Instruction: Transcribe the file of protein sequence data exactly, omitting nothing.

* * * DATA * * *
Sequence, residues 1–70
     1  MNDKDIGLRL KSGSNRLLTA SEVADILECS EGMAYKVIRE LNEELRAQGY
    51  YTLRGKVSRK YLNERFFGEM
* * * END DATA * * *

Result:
Sequence, residues 1–70
     1  MNDKDIGLRL KSGSNRLLTA SEVADILECS EGMAYKVIRE LNEELRAQGY
    51  YTLRGKVSRK YLNERFFGEM